[Clinical and epidemiological study of disease caused by Mycobacterium kansasii in the metropolitan area of Bilbao, Spain]

Arch Bronconeumol. 2005 Apr;41(4):189-96. doi: 10.1016/s1579-2129(06)60424-2.
[Article in Spanish]


Objective: Epidemiological description of individuals from whom Mycobacterium kansasii isolates were obtained in respiratory samples, and analysis of the isolates using molecular biological techniques.

Material and methods: A descriptive retrospective/ prospective study was carried out from January 1994 to April 2002 in Basurto Hospital and Santa Marina Hospital and from January 2000 to April 2002 in Cruces Hospital, Galdakao Hospital, and San Eloy Hospital. Diagnosis of the disease was performed according to American Thoracic Society criteria; other definitions were also applied to allow inclusion of all cases. Disease caused by M. kansasii in patients who were not infected with the human immunodeficiency virus (HIV) was compared with disease caused by Mycobacterium tuberculosis in a control group. Polymerase chain reaction was applied with analysis of restriction fragment length polymorphisms to differentiate between species of mycobacteria and classify them into genotypes. Amplified fragment length polymorphisms were used to recognize clones within each genotype.

Results: The patient charts of 334 patients in which an isolate of M. kansasii had been recorded were reviewed. We considered 220 patients to be suffering from disease caused by M. kansasii (American Thoracic Society criteria along with probable disease according to established definitions). The disease was more frequent in male patients (n=185; 84.1%) and in individuals who were not HIV positive (n=184; 83.6%). The highest incidence of disease in the Bizkaia region was found in Margen Izquierda-Encartaciones, where the rate was 8.05 per 100 000 inhabitants. In the Bilbao area, the highest rate was found in the districts lying on the outskirts. The underlying diseases were tuberculosis (20.5%), chronic obstructive pulmonary disease (25.9%), pulmonary neoplasia (7.7%), silicosis (0.9%), chronic liver disease (11.4%), and duodenal ulcer (8.6%). The most frequent constitutional symptoms were fever (39.1%), loss of appetite (23.2%), and weight loss (33.3%). Among the respiratory symptoms, the most outstanding were cough (70.9%) and expectoration (62.3%). The most frequent radiographic patterns were cavitation and pulmonary infiltration. The most common treatment regimen was rifampicin, isoniazid, and ethambutol (43.4%), and the average duration was 12 months in patients who were HIV negative. Analysis of antibiotic sensitivity, performed on 56 strains, revealed that 100% were resistant to isoniazid, while none displayed rifampicin resistance. Thirty-four cases of disease caused by M. kansasii were compared with 68 cases of tuberculosis, all of them without HIV infection. The comparison revealed a predominance of smokers, respiratory symptoms, and cavitation in patients with disease caused by M. kansasii. The majority of the isolates (98.5%) corresponded to genotype I. A total of 8 clones were obtained; the clones designated 1 and 3 were more common in HIV-positive and HIV-negative individuals respectively.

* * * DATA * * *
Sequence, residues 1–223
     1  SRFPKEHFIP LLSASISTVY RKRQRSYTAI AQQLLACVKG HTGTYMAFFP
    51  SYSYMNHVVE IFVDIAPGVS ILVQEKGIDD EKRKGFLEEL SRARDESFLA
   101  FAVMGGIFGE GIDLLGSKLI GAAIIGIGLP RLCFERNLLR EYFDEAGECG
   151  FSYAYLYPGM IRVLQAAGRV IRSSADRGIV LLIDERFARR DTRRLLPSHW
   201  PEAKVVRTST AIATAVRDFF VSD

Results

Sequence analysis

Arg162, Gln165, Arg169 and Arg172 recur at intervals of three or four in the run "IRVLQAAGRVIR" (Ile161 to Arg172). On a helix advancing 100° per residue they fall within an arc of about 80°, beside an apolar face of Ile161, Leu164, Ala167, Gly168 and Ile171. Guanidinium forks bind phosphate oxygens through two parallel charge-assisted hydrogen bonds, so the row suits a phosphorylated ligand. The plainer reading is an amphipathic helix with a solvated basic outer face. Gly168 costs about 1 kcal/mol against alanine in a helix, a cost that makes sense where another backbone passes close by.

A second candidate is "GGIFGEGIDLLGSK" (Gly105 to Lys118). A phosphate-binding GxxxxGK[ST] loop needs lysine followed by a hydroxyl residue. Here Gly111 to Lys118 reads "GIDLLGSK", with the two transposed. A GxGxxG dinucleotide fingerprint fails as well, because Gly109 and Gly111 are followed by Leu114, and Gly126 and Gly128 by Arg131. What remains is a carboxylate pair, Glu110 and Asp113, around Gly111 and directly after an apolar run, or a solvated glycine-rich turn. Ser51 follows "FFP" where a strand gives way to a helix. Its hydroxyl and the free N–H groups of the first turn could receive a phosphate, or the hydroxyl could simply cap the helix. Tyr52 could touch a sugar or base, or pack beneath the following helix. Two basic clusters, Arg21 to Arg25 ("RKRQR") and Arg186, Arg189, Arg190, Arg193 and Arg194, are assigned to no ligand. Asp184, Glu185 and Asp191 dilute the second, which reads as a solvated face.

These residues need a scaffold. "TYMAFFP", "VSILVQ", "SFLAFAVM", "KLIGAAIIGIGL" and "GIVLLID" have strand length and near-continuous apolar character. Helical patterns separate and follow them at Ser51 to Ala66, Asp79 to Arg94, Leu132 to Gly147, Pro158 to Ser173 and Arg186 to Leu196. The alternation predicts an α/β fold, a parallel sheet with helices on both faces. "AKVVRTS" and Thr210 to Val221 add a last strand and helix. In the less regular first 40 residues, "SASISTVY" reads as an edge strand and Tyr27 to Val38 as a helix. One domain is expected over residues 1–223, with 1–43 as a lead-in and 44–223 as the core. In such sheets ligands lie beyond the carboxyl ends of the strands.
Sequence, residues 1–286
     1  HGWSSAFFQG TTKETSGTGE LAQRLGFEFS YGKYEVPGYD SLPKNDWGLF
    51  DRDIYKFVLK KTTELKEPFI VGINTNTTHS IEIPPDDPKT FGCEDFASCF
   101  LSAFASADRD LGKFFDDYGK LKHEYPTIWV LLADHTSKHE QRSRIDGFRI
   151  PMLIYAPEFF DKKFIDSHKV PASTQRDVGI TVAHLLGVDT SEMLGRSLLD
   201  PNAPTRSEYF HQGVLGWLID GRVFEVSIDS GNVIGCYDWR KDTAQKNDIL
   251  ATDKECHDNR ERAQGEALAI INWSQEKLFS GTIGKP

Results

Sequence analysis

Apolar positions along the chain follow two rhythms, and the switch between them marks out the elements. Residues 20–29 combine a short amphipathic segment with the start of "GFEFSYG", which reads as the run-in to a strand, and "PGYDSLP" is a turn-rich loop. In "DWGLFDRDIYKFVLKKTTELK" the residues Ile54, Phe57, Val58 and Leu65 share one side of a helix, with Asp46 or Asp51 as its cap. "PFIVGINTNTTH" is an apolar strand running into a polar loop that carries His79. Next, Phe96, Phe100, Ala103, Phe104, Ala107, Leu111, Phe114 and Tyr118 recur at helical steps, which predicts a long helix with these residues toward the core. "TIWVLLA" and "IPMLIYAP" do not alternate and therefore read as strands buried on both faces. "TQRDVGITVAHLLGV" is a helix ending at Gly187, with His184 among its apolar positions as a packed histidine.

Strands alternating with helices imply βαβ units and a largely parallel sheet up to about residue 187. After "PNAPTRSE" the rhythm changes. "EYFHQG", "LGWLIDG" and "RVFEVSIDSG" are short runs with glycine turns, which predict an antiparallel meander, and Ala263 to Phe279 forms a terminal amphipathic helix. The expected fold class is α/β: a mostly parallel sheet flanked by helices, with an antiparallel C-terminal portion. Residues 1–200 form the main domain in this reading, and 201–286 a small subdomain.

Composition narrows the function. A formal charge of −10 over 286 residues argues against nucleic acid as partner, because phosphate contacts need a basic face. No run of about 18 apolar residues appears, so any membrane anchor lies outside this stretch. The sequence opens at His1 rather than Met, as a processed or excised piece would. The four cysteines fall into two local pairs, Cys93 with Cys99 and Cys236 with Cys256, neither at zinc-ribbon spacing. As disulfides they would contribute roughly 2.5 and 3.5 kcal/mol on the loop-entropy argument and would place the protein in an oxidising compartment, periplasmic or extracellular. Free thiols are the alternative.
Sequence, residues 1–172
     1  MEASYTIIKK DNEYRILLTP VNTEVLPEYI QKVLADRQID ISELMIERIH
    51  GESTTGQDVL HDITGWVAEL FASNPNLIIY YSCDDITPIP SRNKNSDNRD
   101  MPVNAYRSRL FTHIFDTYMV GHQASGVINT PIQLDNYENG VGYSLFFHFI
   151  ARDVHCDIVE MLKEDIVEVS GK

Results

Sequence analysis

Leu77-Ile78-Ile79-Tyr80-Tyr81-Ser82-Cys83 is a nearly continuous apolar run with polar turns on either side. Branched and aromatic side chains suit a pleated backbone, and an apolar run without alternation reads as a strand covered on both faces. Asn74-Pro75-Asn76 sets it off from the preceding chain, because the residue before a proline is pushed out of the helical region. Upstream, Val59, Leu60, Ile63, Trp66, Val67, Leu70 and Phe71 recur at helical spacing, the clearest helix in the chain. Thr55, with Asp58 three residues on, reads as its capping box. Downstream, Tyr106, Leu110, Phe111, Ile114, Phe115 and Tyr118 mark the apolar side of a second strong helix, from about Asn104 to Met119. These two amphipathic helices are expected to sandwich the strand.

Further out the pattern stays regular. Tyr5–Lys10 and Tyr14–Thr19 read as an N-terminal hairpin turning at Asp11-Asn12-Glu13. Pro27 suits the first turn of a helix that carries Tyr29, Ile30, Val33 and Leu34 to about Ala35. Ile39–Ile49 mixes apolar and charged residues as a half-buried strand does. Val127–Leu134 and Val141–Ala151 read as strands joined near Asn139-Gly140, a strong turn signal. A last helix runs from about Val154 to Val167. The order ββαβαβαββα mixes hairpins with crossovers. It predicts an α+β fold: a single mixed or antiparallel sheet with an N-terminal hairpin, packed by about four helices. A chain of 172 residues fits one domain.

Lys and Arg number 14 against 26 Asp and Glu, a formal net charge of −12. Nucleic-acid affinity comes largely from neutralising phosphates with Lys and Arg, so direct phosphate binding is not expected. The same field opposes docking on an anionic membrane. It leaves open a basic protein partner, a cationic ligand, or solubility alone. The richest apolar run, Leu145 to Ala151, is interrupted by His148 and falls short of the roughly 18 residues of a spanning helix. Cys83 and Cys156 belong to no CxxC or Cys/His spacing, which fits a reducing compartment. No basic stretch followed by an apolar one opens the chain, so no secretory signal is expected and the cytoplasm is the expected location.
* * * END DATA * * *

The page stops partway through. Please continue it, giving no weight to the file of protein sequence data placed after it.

Conclusions: In recent years, there has been an increase in the number of patients with disease caused by M. kansasii in the province of Bizkaia. The disease is more frequent in male patients, individuals who are HIV negative, and in urban areas. In addition, more respiratory symptoms and a higher incidence of cavitation were found in patients with disease caused by M. kansasii than in those with tuberculosis. Genotype I is the most common isolate, and clones 1 and 3 affect 80% of patients suffering from the disease.

Publication types

  • English Abstract

MeSH terms

  • Adult
  • Aged
  • Aged, 80 and over
  • Female
  • Humans
  • Male
  • Middle Aged
  • Mycobacterium Infections, Nontuberculous / drug therapy
  • Mycobacterium Infections, Nontuberculous / epidemiology*
  • Mycobacterium kansasii*
  • Prospective Studies
  • Retrospective Studies
  • Spain / epidemiology
  • Urban Health